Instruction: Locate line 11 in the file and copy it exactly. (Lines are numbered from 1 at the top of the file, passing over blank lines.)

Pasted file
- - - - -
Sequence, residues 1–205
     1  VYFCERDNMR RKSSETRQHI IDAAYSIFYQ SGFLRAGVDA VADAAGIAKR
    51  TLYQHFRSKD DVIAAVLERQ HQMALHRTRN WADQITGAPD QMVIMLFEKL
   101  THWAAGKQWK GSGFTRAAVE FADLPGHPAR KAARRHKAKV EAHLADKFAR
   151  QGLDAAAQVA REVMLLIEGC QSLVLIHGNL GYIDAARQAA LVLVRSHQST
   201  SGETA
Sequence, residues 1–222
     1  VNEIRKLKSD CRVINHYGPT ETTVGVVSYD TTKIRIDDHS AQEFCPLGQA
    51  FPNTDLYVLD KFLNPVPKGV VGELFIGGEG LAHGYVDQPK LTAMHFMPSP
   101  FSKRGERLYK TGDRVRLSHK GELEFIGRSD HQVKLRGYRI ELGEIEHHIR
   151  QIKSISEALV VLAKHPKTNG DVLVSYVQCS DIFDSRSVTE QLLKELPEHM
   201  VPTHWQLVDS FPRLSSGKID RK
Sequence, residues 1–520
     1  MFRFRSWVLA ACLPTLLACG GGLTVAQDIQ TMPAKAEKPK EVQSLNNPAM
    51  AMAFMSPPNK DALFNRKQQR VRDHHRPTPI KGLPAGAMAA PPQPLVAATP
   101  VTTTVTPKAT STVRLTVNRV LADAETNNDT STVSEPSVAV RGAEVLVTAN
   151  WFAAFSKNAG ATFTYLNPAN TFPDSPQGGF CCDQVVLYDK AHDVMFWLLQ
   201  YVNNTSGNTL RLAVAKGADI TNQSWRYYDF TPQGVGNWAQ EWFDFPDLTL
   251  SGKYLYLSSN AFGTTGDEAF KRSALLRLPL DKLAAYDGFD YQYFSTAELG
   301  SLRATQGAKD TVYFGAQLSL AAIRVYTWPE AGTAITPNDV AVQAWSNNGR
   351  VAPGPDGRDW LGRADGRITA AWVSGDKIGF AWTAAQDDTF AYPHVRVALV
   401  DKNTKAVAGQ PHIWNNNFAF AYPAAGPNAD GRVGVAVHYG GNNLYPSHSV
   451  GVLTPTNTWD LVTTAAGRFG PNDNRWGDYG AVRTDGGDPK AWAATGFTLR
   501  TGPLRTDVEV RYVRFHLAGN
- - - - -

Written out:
   151  QIKSISEALV VLAKHPKTNG DVLVSYVQCS DIFDSRSVTE QLLKELPEHM